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Restoration – Girls’ Wellness Center, Monrovia, Liberia

The Women and Youth Leadership Alliance (WAYLA) will implement the first of four phases planned for the Restoration-Girls’ Wellness Center in Monrovia, Liberia; spring, 2011. WAYLA will send teams of mental health and holistic healthcare practitioners during Phase I to provide services to Liberian girls, and train women who have survived decades of brutal, gender-based sexual violence used as a tool of war during the country’s 14 year civil conflict.
The Restoration Girls Wellness Center will also treat survivors of child rape, incest, child prostitution and trafficking which remain rampant in post-conflict Liberia.

Girls’ Wellness Center Goals:

Phase I – Treatment: American mental health and holistic healthcare practitioners provide wellness services to girls and women who are survivors of gender-based sexual violence, child prostitution and human trafficking

Phase II – Local Capacity Building: Practitioners train and certify Liberian women to:
1. provide holistic wellness services to:
~girls and women in their own communities
~expatriate communities
2. become small scale organic medicinal herb growers,
3. work in herbal product manufacturing
4. work in retail herbal product distribution

Phase III – Jobs Creation; Anti-poverty/Trafficking prevention: Create jobs in fields of alternative healing/medicine and organic medicinal herb farming that provide girls and women with viable economic alternatives to trafficking and child prostitution

Phase IV – Regional Export: West Africa & Micro-financing: Liberian women
entrepreneurs; organic medicinal herb growers.

Target Population: referrals for ongoing treatment: Minimum of (case-file documented) 100 girls and 100 women; i.e. 600 persons calculated in households during Phase I, year one, 1800 in Phase II, year two.

The Women and Youth Leadership Alliance (WAYLA) has established strategic business alliances with:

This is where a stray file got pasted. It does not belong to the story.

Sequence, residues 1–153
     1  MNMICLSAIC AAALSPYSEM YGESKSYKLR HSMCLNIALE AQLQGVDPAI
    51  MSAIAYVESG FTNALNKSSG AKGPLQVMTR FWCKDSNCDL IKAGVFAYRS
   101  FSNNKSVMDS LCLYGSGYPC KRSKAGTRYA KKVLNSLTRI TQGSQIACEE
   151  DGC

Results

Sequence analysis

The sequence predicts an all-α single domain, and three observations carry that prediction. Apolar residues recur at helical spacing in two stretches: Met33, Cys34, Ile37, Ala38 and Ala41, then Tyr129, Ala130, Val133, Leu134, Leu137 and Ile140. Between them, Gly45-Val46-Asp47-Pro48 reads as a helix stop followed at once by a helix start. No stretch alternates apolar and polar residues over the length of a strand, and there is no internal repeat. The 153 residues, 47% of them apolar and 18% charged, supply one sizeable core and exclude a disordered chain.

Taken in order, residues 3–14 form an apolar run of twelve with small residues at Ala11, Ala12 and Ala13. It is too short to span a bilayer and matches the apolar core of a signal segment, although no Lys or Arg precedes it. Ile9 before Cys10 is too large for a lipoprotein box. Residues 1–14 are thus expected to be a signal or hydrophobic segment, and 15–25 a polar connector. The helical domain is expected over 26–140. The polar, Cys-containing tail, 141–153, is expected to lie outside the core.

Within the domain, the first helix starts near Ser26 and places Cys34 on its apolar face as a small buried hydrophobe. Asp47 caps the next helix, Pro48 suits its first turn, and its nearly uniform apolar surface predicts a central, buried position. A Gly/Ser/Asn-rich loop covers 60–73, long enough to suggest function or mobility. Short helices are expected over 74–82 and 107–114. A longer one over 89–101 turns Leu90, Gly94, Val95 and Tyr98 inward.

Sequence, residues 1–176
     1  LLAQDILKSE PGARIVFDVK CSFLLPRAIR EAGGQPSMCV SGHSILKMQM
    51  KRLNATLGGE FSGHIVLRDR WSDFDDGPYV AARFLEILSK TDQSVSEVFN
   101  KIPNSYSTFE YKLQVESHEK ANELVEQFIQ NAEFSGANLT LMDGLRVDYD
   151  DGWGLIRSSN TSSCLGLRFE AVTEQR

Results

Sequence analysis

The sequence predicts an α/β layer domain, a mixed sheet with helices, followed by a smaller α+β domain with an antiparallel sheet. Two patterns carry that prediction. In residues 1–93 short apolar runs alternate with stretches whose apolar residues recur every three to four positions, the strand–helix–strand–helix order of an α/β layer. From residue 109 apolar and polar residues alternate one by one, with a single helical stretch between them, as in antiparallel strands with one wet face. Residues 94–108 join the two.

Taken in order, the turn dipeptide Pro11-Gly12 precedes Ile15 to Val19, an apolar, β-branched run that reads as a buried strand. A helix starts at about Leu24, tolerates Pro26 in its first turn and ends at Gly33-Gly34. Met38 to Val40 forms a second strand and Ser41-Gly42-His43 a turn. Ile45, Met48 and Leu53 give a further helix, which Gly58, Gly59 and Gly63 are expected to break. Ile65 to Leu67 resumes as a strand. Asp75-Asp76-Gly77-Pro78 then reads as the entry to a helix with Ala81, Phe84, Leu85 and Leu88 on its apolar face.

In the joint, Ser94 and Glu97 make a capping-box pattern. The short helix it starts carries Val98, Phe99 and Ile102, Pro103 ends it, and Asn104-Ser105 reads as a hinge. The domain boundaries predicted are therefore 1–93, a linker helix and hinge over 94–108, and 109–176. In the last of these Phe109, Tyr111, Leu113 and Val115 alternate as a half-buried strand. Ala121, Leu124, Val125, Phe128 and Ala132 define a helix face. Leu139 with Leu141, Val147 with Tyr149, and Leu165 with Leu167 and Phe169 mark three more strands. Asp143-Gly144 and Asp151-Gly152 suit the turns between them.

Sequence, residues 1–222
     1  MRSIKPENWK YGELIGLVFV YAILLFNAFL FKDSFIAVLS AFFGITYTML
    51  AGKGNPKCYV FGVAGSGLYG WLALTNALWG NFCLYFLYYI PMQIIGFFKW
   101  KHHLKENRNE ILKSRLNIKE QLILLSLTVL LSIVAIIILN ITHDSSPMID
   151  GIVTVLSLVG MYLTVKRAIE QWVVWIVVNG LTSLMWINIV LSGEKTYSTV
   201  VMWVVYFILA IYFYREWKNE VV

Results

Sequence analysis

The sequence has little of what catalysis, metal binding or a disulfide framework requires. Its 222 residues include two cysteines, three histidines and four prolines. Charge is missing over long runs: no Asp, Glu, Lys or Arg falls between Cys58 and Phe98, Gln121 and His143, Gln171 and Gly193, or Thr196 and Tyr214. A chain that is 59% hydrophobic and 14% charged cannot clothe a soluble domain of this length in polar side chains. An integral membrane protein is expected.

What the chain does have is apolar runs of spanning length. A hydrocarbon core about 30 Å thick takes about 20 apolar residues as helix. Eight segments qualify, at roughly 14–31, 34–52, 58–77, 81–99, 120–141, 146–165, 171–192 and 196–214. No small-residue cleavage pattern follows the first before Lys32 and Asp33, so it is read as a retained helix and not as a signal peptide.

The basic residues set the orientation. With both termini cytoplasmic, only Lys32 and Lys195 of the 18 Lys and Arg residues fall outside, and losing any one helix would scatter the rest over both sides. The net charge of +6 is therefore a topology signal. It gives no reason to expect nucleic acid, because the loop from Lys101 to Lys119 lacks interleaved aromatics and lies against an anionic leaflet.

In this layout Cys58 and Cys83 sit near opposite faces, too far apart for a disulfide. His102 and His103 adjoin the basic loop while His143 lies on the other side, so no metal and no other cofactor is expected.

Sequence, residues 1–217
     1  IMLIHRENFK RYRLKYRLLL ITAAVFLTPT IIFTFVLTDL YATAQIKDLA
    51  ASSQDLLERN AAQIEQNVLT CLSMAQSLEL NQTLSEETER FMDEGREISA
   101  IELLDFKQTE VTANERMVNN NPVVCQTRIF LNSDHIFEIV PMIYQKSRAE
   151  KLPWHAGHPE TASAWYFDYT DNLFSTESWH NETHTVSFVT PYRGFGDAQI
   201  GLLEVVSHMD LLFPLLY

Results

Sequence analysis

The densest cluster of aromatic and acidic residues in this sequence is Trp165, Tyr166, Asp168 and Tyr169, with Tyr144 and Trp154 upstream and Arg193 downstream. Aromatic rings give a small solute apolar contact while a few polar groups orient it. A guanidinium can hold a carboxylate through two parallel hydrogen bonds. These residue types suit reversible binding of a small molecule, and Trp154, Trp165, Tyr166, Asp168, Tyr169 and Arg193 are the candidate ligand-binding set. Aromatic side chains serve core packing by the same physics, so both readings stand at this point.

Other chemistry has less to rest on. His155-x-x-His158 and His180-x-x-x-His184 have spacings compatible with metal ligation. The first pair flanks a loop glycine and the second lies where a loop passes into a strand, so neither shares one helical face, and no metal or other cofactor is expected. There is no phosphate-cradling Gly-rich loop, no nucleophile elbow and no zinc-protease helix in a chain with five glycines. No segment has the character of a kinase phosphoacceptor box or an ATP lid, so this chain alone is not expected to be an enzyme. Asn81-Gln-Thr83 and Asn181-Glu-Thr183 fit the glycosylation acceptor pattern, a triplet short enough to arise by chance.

1. American herbal products manufacturers and medicinal herb growers
2. American mental health and holistic health practitioners:
a) Practitioner Teams serving in Liberia,
b) a US-based, Restoration Project Governance Team.
3. Liberian government and local NGO partners; prepared to refer girls and to the Restoration- Girls’
Wellness Center
4. Liberian agricultural co-operatives


Elevated Child Rape Rates

Child rape in post-conflict Liberia has become the norm. In the aftermath of a civil war during which armed rebels murdered, raped and looted their way through the country with impunity, girls and young women are still not safe. Child rape rates are currently as elevated as they were during the war. Government officials, aid workers and community leaders report that rape attacks happen daily. The UN estimates that 75% -92% of girls and women in and around Monrovia have experienced some form of sexual violence, including rape.

Poverty and Trafficking; the Delivery Mechanism of Child Prostitution

As Liberia, a country with an 85% unemployment rate rebuilds in the aftermath of a Civil War which decimated its economy, abject poverty has increased the vulnerability of children to trafficking. Schooling came to an abrupt halt during 14 years of civil war. A lack of education for girls combined with elevated poverty indicators, are linked as driving forces behind sex trafficking. A direct cyclical correlation has been documented. When adults cannot work because of a depressed economy and lack of employment opportunities, many families, as a means of feeding themselves, sell their young daughters to traffickers who prostitute them.

Background: Liberian Trafficking

Liberia is a source, transit, and destination country for children and women trafficked for the purposes of forced labor and commercial sexual exploitation. Girls and young women are trafficked within the country from rural to urban areas for forced domestic servitude, street vending, begging, and sexual exploitation in brothels or private apartments.

IF, as is the case: Victims of sexual assault are three times more likely to suffer from debilitating depression; six times more likely to suffer from post-traumatic stress disorder; thirteen times more likely to abuse alcohol; twenty-six times more likely to abuse drugs; and four times more likely to contemplate suicide….. AND
IF, as is the case: Girls and women who have suffered decades of sexual violence form the foundation of Liberia’s future development progress…..
THEN: Receipt of mental health services that facilitate psychological and healing, turnkey occupational training of Liberian girls and women and jobs creation are essential factors in ensuring the country’s development.
Liberia must heal its girls and women if the country is to anchor its peace-building, reconstruction and development process on a foundation of emotionally and psychologically
stable citizenry.


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